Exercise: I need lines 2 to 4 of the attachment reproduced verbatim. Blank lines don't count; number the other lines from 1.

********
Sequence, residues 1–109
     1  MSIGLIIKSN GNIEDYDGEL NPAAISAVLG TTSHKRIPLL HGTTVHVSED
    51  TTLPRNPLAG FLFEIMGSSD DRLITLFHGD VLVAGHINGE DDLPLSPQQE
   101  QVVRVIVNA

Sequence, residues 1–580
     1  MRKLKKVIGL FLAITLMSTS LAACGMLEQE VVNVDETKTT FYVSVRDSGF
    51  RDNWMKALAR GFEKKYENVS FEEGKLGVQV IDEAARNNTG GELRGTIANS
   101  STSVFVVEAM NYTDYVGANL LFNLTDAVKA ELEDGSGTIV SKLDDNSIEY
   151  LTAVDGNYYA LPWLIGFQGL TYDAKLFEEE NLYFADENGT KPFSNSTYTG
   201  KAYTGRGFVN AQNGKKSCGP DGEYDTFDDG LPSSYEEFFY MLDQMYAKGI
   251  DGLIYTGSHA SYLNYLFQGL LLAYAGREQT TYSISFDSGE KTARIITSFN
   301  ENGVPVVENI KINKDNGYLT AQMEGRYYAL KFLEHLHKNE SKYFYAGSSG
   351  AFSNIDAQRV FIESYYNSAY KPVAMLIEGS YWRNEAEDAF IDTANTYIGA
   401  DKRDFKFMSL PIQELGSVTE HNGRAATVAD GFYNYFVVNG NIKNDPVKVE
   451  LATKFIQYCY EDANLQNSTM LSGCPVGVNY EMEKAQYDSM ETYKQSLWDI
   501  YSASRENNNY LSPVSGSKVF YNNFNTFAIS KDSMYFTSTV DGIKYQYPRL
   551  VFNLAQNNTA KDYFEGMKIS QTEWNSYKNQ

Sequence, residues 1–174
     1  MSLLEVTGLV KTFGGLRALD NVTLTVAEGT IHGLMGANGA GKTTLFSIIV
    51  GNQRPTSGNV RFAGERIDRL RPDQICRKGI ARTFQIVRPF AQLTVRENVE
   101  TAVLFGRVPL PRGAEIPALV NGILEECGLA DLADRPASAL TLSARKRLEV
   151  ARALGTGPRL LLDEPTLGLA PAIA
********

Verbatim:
     1  MSIGLIIKSN GNIEDYDGEL NPAAISAVLG TTSHKRIPLL HGTTVHVSED
    51  TTLPRNPLAG FLFEIMGSSD DRLITLFHGD VLVAGHINGE DDLPLSPQQE
   101  QVVRVIVNA